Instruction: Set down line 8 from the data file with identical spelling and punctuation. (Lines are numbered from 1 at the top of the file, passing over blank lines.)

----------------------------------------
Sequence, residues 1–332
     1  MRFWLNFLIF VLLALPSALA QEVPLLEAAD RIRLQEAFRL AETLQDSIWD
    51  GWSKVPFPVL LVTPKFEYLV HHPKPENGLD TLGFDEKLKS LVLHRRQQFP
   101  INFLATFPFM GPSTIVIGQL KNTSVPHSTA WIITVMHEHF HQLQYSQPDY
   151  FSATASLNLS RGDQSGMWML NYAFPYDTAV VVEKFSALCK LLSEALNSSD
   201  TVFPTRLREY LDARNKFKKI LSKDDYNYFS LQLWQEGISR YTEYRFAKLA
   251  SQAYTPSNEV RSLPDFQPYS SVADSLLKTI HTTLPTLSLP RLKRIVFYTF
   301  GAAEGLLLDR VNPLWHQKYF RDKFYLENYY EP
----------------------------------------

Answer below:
   301  GAAEGLLLDR VNPLWHQKYF RDKFYLENYY EP